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B.J. Widick

Akron General Strike Planned
Against Nat’l Guard Tactics

(December 1937)

From Socialist Appeal, Vol. 1 No. 17, 4 December 1937, p. 3.
Transcribed & marked up by Einde O’ Callaghan for the Encyclopaedia of Trotskyism On-Line (ETOL).

AKRON, Ohio. – Behind the press reports 01 the “settlement” of the Goodyear sit-down by the acceptance of a betrayal compromise, are some facts which deserve and need wide-spread publication.

The hope of Goodyear and of the official union leadership that the difficulties in the plants over lay-offs and other grievances were settled by the eight-point agreement received a rude shattering last week.

A group of unionists circulated petitions in the plants calling on the executive board of Goodyear Local Union to hold a special union meeting to take a strike vote. The response to the petitions was good and indicated that the rank and file won’t take any more blows from Goodyear without striking back.

The petitions were a “feeler” of the mood of the rank and file and were hailed as such by genuine progressive militants and revolutionary socialists, who pointed out, however, that a strike over lay-offs already consummated would be incorrect and bring defeat. New issues will arise shortly that can pose the question of strike action.

Role of Stalinists

The Daily Worker is striving to paint the betrayal in glowing terms of victory: “They (the rubber workers) went back grinning as the company had been forced to compromise on the union’s demands protesting last Thursday’s lay-offs of 1,600 workers.” (D.W., Nov. 23)

Unfortunately, 1,600 workers didn’t go back grinning. They didn’t go back to work at all. The betrayal agreement sent them into the army of unemployed.

And the circumstances under which the other workers returned to the shop were without precedent here. Although the entire city knew that the sit-down was called off, the city police force and Goodyear’s thugs made a show of force that rankled in the heart of every worker punching his clock card that morning.

Over 150 cops, armed with tear gas and riot guns, stood lined up as the Goodyear workers marched into the plant. It was the most flagrant attempt to terrorize and intimidate the workers Akron has ever seen.

And the rubber workers were boiling mad at this insolence and contempt with which they were being treated. Convicts in a state prison never went to work with such a huge armed force watching them.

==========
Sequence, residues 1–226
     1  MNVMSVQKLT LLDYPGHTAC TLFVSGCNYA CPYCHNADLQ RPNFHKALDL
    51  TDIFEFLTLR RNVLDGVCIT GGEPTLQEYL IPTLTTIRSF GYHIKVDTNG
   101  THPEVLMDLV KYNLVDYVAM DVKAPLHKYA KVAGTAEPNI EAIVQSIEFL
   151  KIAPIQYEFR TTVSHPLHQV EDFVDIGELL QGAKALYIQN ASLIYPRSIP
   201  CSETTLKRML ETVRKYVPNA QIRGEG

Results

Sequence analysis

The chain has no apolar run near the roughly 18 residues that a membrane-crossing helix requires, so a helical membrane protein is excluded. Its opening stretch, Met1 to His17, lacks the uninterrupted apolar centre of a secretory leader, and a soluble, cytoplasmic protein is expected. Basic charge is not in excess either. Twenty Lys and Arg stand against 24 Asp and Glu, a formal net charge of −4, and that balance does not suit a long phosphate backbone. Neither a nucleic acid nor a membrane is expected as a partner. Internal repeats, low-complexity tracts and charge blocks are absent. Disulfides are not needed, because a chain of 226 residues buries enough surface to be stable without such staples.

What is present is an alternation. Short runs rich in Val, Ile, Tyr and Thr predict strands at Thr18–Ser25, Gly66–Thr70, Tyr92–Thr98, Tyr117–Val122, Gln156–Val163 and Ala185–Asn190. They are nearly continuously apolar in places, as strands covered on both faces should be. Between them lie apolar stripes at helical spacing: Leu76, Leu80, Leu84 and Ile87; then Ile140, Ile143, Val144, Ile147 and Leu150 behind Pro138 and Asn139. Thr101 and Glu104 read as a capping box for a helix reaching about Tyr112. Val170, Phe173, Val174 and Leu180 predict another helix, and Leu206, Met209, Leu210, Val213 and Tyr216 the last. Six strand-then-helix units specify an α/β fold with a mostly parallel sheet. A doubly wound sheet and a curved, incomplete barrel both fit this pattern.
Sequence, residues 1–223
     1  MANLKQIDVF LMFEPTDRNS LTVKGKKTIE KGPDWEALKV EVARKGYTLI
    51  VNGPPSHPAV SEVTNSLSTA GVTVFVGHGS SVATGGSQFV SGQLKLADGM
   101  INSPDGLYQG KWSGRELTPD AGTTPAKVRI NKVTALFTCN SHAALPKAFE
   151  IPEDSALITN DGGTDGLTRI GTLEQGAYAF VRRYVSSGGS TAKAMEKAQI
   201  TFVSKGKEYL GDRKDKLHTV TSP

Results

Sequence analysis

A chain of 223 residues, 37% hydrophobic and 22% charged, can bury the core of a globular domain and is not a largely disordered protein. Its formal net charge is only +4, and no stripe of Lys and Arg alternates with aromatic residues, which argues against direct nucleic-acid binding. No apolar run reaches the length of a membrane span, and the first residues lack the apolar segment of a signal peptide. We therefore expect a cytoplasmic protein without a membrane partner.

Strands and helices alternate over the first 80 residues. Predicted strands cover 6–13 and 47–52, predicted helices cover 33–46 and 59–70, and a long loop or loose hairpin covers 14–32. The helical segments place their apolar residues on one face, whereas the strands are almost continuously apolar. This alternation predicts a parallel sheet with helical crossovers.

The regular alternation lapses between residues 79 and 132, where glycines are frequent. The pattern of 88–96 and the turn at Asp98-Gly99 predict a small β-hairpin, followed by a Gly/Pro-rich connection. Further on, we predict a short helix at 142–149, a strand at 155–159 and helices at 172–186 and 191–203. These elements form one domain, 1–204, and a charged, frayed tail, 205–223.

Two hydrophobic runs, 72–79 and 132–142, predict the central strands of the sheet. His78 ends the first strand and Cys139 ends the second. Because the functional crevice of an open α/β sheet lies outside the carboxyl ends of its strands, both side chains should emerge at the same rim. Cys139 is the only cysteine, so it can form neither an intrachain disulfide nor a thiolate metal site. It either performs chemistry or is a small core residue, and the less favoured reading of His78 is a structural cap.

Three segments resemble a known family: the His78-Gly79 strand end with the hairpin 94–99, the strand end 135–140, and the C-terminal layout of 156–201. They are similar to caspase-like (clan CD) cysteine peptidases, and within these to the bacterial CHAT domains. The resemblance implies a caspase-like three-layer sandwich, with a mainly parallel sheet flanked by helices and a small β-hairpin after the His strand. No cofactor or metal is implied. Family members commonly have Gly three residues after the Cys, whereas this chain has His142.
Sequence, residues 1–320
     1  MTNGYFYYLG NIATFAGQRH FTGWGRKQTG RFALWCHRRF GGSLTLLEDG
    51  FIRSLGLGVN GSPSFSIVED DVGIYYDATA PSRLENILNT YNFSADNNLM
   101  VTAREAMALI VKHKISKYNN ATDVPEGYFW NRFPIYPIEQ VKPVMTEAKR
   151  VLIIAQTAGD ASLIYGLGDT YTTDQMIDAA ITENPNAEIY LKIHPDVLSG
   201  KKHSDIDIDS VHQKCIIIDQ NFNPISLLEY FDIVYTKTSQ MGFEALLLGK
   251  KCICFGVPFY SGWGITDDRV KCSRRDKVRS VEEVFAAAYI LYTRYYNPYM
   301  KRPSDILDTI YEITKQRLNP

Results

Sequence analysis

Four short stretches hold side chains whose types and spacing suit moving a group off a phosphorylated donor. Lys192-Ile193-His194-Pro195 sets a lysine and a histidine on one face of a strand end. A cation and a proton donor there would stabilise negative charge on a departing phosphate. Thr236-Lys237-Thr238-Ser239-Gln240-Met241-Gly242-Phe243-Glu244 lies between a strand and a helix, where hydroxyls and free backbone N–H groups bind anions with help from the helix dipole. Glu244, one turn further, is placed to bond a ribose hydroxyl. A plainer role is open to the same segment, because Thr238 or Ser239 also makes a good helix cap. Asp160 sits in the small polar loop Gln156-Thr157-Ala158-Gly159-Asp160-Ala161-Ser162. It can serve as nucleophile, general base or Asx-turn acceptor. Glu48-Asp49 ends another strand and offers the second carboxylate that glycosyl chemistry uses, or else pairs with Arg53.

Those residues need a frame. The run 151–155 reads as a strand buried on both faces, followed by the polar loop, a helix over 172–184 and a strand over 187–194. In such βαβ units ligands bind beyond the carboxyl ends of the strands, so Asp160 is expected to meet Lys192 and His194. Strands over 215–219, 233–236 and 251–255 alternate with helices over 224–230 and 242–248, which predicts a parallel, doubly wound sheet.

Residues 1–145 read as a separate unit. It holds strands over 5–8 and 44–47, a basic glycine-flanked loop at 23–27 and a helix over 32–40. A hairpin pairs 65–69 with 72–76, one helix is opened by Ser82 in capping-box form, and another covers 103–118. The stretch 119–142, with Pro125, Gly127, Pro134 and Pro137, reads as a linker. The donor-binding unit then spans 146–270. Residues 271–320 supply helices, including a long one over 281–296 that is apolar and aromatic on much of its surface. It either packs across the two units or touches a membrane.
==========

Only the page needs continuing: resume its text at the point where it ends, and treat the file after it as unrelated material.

To top the insults, the bourgeois press carried pictures of the armed cops with the headline over the photos saying. “They were not needed!” But the implication was clear. Brute force is the only language which the rubber barons are going to speak.

Neither the bourgeois press nor the Daily Worker printed the very significant action of the CIO industrial union council during the Sunday when the National Guards were preparing to march into Akron.

Under progressive leadership, a general strike was planned against the use of the National Guard or any armed force in the Goodyear sit-down. The C.I.O. council met to plan this action.

Workers throughout the city anxiously awaited the decision of Goodyear Local at the Sunday meeting when they were voting on the proposals sponsored by the federal conciliator and the union leadership. The signal for beginning the general strike would have been the announcement of Goodyear Local’s vote to strike.

The National Guard would not be facing inexperienced and leaderless workers as they did in the “Little Steel” strike last spring.

Three years of militant strike struggle, three years of developing class-consciousness; three years of a growing militant and progressive leadership among the rank and file would have made Akron quite a different story than Youngstown.

Machinery and plans for a general strike have been developed by a permanent committee elected in the Central Labor Union. Although the labor split has ended this committee formally, its members are still active in the CIO council and the CLU.

A new chapter in labor history appears in the offing as company plans to announce more layoffs will again pose the question of a strike, the use of the National Guard, and the workers’ defense against military terror.

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